FHICT with “Beat the laser” at TTT

Fontys Information and Communication Technology

Fontys ICT University of Applied Sciences makes students enthusiastic about technology during the TTT event 2019 in Koepelhal Tilburg.

Over 2500 high school students (VO) visited the TTT (Future Technology Talent) event on 9 October in the Koepelhal in Tilburg. The purpose of the event is to get VO students excited about Science & Technology before they make their profile choice. In the Koepelhal they were challenged to have a look around, participate and be inspired by the world of science and technology. Fontys ICT University was also there, of course. The University’s interactive laser game “Beat the laser” was very popular among the students and their teachers.

Broad technology field

Roughly fifty companies and institutions showcased their technology and gave a sneak-peak behind the scenes (including Fontys, Avans, Curio and the Elisabeth Tweesteden Hospital). Their stands were disbursed around the hall, and featured many participatory activities. There was plenty on offer with no fewer than eleven plazas, each with their own topic in the area of science and technology. Transport and Logistics, Automotive, Process Technology, Metal, Construction, Aviation, Installation and Electro-technology , Mechanical electronics, Health Care, Interior, Design and Green. The last named sector was added in 2019. The broad range gives an indication of the richness that the field of technology has to offer.

Social role

Fontys ICT University hereby takes on its social responsibility. Because companies in the  region are in dire need of well-trained ICT professionals. And we would like to fulfil that need. During the TTT event, they want make students aware of how dynamic the world of ICT is. Bas van der Horst (age 21) is currently in his 3rd year of ICT & Media Design and is the co-creator of “Beat the Laser” game. Bas is also excited about ICT: "There are so many possible options within ICT, you really need to go discover what fits you best. ICT is so much more than just programming. You create projects that start as concept and are then developed into a prototype. Coding is just one of the many steps involved. It is an incredibly wide field and you can really make an impact on society."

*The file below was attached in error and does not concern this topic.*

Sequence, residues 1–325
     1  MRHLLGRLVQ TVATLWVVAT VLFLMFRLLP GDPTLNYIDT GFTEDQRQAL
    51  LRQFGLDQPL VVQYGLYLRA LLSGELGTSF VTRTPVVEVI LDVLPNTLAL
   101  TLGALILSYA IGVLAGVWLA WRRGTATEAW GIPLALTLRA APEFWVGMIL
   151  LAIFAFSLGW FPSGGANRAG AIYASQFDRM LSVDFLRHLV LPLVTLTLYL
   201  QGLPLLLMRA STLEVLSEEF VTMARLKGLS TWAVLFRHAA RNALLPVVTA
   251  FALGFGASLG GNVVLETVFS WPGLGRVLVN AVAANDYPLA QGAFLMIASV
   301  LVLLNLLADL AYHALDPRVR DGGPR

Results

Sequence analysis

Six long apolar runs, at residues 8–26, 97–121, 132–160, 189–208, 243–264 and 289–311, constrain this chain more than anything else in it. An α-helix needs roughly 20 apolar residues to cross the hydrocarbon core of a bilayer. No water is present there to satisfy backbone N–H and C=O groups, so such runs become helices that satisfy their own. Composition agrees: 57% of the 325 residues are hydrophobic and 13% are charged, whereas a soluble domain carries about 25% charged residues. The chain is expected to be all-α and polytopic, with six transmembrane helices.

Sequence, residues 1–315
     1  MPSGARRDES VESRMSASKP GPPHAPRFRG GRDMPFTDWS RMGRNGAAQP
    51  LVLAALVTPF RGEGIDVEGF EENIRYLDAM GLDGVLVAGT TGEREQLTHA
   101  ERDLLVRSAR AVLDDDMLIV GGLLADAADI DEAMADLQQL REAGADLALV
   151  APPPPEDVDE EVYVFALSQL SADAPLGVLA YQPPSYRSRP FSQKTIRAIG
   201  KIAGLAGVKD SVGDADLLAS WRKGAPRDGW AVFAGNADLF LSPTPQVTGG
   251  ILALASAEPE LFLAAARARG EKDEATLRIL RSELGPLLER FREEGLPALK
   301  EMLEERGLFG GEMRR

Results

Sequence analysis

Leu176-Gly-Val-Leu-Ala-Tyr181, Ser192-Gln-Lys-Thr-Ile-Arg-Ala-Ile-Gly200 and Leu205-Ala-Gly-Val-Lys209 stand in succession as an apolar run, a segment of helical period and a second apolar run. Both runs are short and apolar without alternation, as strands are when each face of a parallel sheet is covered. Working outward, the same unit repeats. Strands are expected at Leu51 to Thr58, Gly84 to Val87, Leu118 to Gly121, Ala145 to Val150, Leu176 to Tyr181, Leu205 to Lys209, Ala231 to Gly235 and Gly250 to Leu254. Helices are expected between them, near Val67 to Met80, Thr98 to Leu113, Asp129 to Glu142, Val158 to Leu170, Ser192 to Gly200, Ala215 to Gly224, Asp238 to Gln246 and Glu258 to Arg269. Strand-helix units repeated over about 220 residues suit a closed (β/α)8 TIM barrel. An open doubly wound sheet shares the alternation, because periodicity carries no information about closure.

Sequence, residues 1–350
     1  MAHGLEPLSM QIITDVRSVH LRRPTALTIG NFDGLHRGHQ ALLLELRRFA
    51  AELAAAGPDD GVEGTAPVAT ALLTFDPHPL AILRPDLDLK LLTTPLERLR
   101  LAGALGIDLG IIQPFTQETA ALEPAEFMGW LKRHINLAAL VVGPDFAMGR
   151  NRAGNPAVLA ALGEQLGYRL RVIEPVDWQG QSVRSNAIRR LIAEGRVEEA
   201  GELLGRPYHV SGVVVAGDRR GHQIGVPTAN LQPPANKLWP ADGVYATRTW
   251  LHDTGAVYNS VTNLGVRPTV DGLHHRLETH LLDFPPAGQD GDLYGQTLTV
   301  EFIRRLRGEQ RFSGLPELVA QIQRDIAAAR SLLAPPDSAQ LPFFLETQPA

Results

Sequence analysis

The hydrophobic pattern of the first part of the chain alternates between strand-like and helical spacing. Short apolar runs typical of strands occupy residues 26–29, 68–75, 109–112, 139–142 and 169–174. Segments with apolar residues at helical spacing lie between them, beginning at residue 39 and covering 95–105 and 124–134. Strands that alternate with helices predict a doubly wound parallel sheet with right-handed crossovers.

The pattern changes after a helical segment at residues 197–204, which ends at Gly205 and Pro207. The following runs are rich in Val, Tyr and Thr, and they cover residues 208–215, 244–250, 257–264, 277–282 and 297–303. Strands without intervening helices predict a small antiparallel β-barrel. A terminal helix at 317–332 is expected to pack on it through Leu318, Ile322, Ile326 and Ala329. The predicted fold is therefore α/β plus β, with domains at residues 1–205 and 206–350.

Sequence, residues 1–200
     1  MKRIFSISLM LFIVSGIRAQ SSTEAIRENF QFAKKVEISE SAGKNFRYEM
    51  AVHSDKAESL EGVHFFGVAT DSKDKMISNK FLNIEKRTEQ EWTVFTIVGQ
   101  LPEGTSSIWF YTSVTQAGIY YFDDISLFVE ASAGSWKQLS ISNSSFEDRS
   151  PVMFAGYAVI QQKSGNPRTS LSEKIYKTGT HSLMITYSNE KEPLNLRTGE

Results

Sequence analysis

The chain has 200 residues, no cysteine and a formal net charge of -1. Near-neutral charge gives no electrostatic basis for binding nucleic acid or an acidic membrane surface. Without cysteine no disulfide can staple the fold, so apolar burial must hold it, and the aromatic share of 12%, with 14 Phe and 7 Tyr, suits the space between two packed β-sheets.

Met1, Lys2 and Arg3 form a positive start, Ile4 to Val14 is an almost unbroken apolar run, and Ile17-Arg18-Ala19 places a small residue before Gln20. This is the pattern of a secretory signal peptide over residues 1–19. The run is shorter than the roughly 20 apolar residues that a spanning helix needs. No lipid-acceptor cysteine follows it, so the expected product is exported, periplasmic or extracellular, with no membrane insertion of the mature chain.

Beat the laser

Beat the laser is an interactive game that provides a total light and sound experience. It involves eight players who follow a pattern of music notes. Every beam has its own specific tone. By passing your hands through the laser beams in the correct order you can reproduce the pattern. These beams are made clearly visible through the use of smoke. The smoke makes the beams vibrant. This is not the first time that Beat the laser has been presented. The project was already exhibited at the GLOW light festival in Eindhoven. And with success. It was one of the very few projects there with such a high level of interaction. The game was also among the last eight finalists at the ICTalent Awards and they also pitched their idea in the Effenaar last May. "It’s a product that we developed in our 2nd year. We are constantly improving and developing it," says Bas.

Creating awareness among children about the impact of ICT

Those in attendance were excited. Elena (age 15) from the Koning Willem II College, found the game fun and challenging. And even though she is not particularly ICT-oriented, she does find it interesting. The teachers were also impressed. "Children are constantly being confronted with the digital age. You can see how important it is that they grow along with it. It’s vital that children become aware of how ICT impacts our daily lives. After all, it’s the future!” Many of the teachers also find it important to attend these kinds of events with their students. “There is, of course, a huge scarcity of technical people."

Tags: Events